has the qualities particular to good long-term mates (e.g., willingness to
invest) or particular to good short-term mates (sexual attractiveness). The
best estimate of overall attractiveness should be the sum of the two. The
critical sexual-versus-investment attractiveness variable, key to several
predictions, is in effect the sum of two difference scores: relative shortterm versus long-term mate attractiveness and relative physical attractiveness
vs. financial prospects. These two items correlated 0.48, and the reliability
of the two-item measure was 0.64.
In debriefing, seven participants in the pair-bonded category indicated that
they had broken up with their partners during the study, although most of them
(71%) continued to interact with them and to provide daily partner ratings.
Breakup status was statistically controlled in the analyses.

Statistical analyses
Following recommendations by Rice and Gaines (1994), we implemented
directed tests for predicted effects by allocating a probability of 0.04 (of a total α
of 0.05) to the predicted direction and 0.01 to the unpredicted direction. For
unpredicted effects, we used two-tailed tests. P values reflect these criteria.
To test predictions for pair-bonded women, we conducted repeatedmeasures general linear models (SPSS 11.5) on the dependent variables of
interest (e.g., flirtation and attraction to others, possessiveness and jealousy).
These variables were measured at both high-fertility and low-fertility phases
and, hence, Fertility Status was a repeated factor. We then included three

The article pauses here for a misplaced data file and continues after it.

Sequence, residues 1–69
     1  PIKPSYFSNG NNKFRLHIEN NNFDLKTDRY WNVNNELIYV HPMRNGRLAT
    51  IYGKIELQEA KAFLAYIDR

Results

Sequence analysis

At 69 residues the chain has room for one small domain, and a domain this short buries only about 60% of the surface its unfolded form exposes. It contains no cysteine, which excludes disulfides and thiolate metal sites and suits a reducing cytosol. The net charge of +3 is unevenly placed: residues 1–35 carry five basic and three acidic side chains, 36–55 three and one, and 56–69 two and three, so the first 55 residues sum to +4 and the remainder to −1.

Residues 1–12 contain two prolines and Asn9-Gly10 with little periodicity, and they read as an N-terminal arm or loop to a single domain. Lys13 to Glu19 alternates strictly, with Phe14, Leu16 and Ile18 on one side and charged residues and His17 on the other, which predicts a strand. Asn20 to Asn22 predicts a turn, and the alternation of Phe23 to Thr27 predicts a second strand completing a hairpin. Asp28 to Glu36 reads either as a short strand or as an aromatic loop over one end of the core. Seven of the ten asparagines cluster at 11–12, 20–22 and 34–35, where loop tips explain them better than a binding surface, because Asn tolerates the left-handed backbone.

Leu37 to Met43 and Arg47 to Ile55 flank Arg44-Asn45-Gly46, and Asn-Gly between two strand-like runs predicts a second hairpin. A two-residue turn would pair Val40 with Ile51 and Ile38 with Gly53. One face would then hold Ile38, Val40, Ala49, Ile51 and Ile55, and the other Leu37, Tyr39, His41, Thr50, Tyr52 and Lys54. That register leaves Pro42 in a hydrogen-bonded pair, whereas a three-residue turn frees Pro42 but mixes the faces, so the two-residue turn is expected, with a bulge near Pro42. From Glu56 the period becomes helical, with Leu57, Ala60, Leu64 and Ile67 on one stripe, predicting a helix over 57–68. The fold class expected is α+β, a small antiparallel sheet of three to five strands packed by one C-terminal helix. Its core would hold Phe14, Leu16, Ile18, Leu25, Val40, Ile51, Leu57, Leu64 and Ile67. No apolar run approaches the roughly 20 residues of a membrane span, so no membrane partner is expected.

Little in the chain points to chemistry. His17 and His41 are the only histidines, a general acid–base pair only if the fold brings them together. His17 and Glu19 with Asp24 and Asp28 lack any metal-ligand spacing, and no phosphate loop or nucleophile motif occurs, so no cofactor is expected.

quantitative predictor variables: Male partners' Sexual-versus-Investment
Attractiveness, Male partners' Overall Mate Value, and Female Physical
Attractiveness. In addition, whether women had broken up with their partners
was included as a factor. All quantitative variables were zero-centered so that the
main effect of the repeated factor (fertility status) would be estimated for mean
levels of these predictors. Due to consent procedures allowing women to skip
questions they did not want to answer for some dependent measures, between 1
and 3 women's data were missing, leaving 22–24 women in these analyses.
We also report analyses controlling for two additional variables, male
Partner Specific Investment (PSI, Ellis, 1998) and female sexual satisfaction,
each of which could be confounded with partner sexual attractiveness. These
controls did not markedly change the predicted effects (see below). We could not
control for all possible confounding variables in the analyses, given sample size.

We did examine the correlations between the critical male sexual-versusinvestment attractiveness variable and other potentially important variables: